It always takes longer than you expect, even when you take into account Hofstadter's Law.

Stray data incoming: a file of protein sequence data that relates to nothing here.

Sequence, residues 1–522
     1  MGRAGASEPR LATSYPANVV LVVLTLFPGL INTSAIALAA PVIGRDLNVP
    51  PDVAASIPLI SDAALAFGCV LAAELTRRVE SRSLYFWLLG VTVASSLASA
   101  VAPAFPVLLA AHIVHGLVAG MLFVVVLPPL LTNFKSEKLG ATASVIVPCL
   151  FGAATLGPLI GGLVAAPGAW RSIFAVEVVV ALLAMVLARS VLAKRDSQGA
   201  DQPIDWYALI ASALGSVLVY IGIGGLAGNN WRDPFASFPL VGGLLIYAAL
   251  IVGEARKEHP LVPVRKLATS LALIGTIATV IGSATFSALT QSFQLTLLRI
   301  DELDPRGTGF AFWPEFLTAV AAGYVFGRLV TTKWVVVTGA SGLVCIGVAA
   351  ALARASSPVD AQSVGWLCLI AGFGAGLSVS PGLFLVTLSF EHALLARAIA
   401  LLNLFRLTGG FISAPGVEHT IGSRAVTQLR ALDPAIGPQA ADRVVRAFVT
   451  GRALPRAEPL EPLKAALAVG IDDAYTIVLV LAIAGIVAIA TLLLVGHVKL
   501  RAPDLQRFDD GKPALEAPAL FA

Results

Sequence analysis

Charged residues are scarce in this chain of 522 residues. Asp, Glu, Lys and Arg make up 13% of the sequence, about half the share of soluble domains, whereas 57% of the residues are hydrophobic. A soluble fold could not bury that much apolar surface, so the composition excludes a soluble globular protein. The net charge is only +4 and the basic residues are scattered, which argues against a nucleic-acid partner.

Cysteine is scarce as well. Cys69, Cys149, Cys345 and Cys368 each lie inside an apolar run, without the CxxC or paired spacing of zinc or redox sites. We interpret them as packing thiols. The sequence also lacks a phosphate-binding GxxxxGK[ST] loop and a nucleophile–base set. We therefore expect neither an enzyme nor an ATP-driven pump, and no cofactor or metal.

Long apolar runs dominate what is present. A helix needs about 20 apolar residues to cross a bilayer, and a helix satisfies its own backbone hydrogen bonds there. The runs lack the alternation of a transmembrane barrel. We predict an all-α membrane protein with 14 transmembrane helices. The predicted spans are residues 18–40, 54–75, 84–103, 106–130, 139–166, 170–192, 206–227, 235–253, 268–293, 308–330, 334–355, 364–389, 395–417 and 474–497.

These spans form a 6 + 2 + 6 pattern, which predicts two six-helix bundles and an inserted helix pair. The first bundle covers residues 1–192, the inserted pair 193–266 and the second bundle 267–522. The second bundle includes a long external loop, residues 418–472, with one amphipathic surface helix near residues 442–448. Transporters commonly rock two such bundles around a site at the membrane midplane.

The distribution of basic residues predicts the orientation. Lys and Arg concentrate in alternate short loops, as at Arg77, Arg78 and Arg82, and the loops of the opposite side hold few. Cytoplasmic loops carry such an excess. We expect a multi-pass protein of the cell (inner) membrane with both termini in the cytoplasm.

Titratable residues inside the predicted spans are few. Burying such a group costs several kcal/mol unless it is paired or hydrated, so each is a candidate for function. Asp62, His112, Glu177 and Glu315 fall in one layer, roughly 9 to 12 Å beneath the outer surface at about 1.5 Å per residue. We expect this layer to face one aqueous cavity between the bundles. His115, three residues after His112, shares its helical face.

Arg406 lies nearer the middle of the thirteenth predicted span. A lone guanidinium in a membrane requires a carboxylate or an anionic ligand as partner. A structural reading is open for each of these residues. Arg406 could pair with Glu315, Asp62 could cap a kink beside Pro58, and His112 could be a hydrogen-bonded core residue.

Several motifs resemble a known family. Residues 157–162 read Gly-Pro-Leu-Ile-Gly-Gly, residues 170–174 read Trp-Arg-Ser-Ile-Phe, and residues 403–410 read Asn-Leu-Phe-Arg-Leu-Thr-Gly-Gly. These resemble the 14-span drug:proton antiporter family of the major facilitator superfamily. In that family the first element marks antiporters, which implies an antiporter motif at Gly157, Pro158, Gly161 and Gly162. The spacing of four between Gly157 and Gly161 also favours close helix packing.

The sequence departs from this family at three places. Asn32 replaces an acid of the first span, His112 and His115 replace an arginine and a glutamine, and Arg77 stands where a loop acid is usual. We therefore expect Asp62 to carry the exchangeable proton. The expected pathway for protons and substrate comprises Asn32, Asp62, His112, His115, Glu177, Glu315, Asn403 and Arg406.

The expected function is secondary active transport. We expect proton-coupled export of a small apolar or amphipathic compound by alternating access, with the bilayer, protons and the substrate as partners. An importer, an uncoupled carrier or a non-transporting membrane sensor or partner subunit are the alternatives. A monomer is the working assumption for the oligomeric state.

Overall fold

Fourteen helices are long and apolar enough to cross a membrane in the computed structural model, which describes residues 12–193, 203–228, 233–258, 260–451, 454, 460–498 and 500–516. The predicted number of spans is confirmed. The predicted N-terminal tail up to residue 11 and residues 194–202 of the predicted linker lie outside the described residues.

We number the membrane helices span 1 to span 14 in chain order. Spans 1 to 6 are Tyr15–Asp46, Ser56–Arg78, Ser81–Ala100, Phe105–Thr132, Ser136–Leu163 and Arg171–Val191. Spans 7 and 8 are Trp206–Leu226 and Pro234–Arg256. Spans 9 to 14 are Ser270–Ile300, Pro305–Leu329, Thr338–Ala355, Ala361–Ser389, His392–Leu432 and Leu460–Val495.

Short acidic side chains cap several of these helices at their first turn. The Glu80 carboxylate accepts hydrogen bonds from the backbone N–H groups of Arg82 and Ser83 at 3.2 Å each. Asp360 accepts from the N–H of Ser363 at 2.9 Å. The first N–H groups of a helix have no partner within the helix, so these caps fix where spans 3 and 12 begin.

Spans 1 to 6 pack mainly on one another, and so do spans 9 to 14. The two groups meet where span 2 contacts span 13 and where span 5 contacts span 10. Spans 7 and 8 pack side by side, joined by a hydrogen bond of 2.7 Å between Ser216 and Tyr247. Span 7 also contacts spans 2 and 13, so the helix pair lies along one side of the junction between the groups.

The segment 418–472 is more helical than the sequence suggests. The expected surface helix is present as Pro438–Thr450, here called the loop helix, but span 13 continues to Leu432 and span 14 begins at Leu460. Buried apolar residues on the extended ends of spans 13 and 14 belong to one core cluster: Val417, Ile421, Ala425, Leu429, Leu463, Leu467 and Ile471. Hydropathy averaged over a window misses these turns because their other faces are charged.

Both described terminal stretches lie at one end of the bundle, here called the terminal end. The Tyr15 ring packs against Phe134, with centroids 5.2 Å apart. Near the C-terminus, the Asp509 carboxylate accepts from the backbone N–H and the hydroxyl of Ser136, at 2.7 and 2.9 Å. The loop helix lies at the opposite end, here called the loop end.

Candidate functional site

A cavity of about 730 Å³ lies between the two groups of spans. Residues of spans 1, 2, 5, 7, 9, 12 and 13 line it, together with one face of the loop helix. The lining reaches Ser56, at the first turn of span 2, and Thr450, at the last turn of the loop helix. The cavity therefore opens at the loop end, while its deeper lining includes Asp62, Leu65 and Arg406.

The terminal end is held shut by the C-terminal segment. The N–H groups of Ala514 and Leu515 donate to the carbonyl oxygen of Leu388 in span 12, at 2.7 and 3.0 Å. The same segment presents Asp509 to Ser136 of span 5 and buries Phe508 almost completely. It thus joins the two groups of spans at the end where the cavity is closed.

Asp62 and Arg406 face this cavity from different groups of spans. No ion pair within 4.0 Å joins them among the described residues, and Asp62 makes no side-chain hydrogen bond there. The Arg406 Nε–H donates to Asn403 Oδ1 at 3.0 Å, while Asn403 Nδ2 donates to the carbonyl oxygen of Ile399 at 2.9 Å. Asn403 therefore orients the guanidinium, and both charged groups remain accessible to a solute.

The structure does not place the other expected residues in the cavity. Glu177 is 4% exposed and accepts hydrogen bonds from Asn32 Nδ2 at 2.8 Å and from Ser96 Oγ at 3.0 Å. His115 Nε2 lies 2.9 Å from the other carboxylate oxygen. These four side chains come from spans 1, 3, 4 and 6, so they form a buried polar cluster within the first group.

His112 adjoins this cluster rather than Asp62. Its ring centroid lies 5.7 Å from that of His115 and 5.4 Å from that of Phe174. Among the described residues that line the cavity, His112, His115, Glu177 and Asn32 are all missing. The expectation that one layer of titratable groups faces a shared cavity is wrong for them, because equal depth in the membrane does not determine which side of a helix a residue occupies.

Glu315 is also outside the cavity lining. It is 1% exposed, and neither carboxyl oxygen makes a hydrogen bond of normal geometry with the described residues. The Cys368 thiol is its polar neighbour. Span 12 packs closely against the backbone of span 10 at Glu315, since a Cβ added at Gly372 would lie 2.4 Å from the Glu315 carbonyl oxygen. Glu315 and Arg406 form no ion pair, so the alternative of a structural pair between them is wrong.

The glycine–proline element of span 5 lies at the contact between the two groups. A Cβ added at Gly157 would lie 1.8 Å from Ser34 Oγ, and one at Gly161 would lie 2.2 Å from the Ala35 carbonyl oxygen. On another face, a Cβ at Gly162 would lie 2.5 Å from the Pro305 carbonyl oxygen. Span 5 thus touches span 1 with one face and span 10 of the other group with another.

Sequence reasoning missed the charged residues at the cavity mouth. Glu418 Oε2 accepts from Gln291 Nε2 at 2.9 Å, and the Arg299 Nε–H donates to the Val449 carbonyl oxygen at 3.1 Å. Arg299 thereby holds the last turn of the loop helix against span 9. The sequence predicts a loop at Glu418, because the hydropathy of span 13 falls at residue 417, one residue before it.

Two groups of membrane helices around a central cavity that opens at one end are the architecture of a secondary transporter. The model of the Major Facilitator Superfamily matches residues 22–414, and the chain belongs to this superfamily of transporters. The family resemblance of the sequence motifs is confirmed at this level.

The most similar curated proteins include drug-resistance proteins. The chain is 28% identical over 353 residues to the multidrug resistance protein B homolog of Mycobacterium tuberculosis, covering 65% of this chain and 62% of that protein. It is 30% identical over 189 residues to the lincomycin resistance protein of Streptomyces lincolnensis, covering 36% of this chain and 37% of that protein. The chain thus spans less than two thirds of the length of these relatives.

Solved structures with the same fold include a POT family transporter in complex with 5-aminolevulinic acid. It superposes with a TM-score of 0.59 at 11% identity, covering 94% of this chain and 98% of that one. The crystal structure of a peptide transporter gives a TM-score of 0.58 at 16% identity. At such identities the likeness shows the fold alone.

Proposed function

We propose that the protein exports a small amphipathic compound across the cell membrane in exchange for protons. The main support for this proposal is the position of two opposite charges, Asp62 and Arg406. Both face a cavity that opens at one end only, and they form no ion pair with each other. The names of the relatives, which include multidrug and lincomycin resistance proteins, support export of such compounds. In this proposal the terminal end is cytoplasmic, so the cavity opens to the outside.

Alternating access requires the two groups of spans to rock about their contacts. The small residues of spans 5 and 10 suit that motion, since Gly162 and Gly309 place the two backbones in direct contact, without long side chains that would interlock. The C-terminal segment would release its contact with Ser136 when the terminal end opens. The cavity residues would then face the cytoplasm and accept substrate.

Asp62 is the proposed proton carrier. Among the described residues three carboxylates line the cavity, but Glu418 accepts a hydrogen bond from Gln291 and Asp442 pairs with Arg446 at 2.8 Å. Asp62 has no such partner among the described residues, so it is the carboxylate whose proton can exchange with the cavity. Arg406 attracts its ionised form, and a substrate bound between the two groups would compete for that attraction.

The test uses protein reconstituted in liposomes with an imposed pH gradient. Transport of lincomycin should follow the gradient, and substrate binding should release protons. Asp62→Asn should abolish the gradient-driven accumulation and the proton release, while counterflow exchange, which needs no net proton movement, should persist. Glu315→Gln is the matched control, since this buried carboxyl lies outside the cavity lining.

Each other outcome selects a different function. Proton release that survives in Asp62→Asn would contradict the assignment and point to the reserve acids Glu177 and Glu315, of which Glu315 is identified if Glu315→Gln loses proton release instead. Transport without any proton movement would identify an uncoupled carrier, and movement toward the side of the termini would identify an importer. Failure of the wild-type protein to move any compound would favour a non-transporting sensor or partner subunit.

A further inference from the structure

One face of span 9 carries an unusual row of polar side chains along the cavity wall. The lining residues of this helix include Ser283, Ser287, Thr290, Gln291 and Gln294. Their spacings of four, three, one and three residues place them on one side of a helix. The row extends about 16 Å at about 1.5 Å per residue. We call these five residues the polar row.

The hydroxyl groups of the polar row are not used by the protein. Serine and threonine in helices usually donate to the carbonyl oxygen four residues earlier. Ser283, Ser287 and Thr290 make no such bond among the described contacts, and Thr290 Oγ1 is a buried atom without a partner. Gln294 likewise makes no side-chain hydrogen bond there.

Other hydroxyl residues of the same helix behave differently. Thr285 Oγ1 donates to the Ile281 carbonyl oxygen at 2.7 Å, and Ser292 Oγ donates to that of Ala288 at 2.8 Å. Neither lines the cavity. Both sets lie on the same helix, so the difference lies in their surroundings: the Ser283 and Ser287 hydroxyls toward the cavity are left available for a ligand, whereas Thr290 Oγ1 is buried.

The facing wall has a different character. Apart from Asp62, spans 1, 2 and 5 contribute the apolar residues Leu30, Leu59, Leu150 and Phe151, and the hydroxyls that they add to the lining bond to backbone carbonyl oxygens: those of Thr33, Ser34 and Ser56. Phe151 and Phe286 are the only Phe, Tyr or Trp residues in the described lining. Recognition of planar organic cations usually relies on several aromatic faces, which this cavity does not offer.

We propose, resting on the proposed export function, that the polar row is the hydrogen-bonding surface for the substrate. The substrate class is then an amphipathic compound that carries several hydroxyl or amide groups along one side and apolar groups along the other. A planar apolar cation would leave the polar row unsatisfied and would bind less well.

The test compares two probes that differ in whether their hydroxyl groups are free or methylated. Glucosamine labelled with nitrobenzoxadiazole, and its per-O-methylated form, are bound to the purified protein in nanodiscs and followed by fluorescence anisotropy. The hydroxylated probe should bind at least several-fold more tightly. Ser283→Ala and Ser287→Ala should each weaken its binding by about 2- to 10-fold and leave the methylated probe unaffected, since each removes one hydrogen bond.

First coined in Hofstadter’s book Gödel, Escher, Bach, this law nods at the difficulty of accurately estimating the length of software projects. It’s self-referential in a way that Gödel especially would have appreciated. Indeed, advice to rising software managers commonly suggests adding a “buffer” to their estimates. This law suggests that the buffer will never be enough. Zawinski’s Law may provide an explanation for this phenomenon: even when developers complete their tasks within the estimated time, software bloat will cause the project to expand and then overflow the buffer.